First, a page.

There is a long French passage, recounting Plarr’s experiences in the Franco-Prussian war, in which soldiers are driven mad, to the point of killing in order to be able to eat, and the ditch-diggers (almost Shakespearean, they speak in doggerel and quip at different positions in the war) turn up at the end; this is followed by memories recounted by Lincoln Steffens of the outbreak of the Russian Revolution:
That’s the trick with a crowd,
Get ‘em into the street and get ‘em moving.
And all the time, there were people going
Down there, over the river.
Lenin speaking to a crowd, and the Cossacks politely trying to break up the crowds that listen, until an office commences hostilities against the masses, and a cossack kills the officer with his sword — bam, the beginning of the revolution.
So we used to hear it at the opera
That they wouldn’t be under Haig;
and that the advance was beginning;
That it was going to begin in a week.
[Douglas] Haig is, according to Terrell, the field marshal of the British expeditionary forces in France and Flanders in 1919 — but other sources (yes, Wikipedia) place him elsewhere, and somewhere more relevant for Pound, I think:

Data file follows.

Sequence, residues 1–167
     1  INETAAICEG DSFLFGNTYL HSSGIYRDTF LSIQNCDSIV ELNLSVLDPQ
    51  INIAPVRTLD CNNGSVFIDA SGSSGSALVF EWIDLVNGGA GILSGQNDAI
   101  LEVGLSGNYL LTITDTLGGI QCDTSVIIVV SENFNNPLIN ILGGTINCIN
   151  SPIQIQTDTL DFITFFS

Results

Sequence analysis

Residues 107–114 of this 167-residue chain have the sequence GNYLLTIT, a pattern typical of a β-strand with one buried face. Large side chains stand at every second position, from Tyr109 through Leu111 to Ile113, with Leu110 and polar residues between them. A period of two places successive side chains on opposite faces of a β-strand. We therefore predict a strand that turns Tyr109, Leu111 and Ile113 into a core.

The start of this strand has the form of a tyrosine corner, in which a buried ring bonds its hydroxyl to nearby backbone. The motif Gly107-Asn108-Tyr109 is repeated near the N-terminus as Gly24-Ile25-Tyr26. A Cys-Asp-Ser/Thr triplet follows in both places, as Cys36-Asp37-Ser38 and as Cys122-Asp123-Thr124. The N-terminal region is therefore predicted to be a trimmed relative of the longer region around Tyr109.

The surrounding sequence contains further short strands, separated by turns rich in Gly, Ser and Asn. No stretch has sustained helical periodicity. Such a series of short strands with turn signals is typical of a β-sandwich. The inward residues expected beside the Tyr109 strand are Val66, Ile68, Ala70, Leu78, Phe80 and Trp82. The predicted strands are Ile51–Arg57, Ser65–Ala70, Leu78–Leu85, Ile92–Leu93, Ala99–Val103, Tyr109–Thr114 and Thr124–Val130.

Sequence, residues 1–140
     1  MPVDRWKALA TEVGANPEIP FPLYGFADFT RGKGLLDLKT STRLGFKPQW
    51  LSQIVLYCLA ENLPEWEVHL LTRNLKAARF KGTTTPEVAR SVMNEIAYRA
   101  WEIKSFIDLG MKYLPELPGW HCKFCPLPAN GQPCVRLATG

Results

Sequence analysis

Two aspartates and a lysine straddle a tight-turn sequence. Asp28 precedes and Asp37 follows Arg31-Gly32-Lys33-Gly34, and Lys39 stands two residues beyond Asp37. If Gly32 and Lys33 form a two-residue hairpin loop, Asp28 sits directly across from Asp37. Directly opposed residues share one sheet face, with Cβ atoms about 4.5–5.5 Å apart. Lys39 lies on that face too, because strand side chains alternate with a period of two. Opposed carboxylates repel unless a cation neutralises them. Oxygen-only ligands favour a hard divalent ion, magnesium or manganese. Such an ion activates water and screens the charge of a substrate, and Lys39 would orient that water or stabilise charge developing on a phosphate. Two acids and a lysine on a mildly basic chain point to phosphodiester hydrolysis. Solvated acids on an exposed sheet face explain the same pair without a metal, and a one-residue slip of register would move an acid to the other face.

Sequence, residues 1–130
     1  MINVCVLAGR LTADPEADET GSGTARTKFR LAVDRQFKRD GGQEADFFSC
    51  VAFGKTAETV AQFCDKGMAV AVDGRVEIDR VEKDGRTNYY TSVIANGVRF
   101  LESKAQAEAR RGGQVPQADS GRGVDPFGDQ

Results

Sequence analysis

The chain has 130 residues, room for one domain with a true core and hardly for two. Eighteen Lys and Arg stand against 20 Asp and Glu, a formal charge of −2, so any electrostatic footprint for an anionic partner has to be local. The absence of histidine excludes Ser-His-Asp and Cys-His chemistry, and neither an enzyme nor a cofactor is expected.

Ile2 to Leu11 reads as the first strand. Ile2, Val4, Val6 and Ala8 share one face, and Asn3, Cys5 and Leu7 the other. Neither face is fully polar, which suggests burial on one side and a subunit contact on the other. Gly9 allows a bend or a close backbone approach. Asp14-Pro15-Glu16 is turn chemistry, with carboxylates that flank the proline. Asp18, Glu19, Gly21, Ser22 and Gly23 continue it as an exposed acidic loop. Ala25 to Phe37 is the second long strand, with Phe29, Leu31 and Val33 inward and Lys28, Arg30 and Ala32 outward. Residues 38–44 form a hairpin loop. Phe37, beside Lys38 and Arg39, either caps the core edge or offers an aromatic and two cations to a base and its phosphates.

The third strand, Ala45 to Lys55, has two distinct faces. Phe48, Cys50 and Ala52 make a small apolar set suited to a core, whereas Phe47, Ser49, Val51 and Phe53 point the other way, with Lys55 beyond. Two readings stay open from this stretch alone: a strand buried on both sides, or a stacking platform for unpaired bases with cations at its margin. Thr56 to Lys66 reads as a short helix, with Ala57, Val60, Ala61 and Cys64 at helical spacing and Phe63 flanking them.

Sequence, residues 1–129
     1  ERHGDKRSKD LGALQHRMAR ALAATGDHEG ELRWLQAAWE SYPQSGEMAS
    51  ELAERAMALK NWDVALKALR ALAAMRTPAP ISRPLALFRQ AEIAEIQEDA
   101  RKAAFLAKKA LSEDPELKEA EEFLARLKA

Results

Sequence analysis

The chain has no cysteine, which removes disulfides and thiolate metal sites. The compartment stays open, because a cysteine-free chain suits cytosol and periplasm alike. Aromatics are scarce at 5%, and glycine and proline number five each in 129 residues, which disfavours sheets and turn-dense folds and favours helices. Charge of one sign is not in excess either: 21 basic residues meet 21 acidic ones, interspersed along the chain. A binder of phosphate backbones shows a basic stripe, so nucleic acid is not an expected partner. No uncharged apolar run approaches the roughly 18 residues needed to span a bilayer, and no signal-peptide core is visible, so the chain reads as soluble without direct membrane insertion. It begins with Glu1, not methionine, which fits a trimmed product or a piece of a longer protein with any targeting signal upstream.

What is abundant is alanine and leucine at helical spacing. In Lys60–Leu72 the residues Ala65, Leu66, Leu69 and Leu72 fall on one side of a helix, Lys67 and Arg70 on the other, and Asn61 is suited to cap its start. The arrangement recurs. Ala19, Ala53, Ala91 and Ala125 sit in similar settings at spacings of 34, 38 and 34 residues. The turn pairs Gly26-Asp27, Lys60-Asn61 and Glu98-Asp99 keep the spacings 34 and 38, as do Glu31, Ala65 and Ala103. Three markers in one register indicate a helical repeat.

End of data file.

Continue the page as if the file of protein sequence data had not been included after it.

For much of 1919 Haig served as Commander-in-Chief Home Forces in Great Britain, a key position as a General Strike seemed likely. Haig kept a low profile in this job and insisted the Army be kept in reserve, not used for normal policing.
This, of course, is after the war, whereas Pound is talking about during the war — “the advance” being that of the British Army, when it was stalled; perhaps, specifically, when it was stalled in late summer 1918 as the British planned on stockpiling munitions in preparation for an offensive in summer 1919. Their imagined prolongation of the war that much more seems insane to us now, at a great remove, but probably seemed even more insane in 1925, if this was indeed public knowledge. (I don’t know if it was yet.) Haig was popular at the time, grew upopular by the 1960s — by which point he had become a symbol for the pre-World War I arrogance of the upper classes and the destructiveness of that mindset when that same elite was given charge of the military. (By the 80s, a rehabilitation of Haig’s name was underway.)
The question of occult resonances usable in my story seems quite important to address: they are the Dantean. Here, we accompany Pound busting through the quotidian world to the eternal: wars always represent a waste, that slough of dead bodies, arms reaching upward clinging to marble fragments they will never carve. Pound here is responding to the particular tragedy of Gaudier, but also the the more general tragedy and horror of war itself.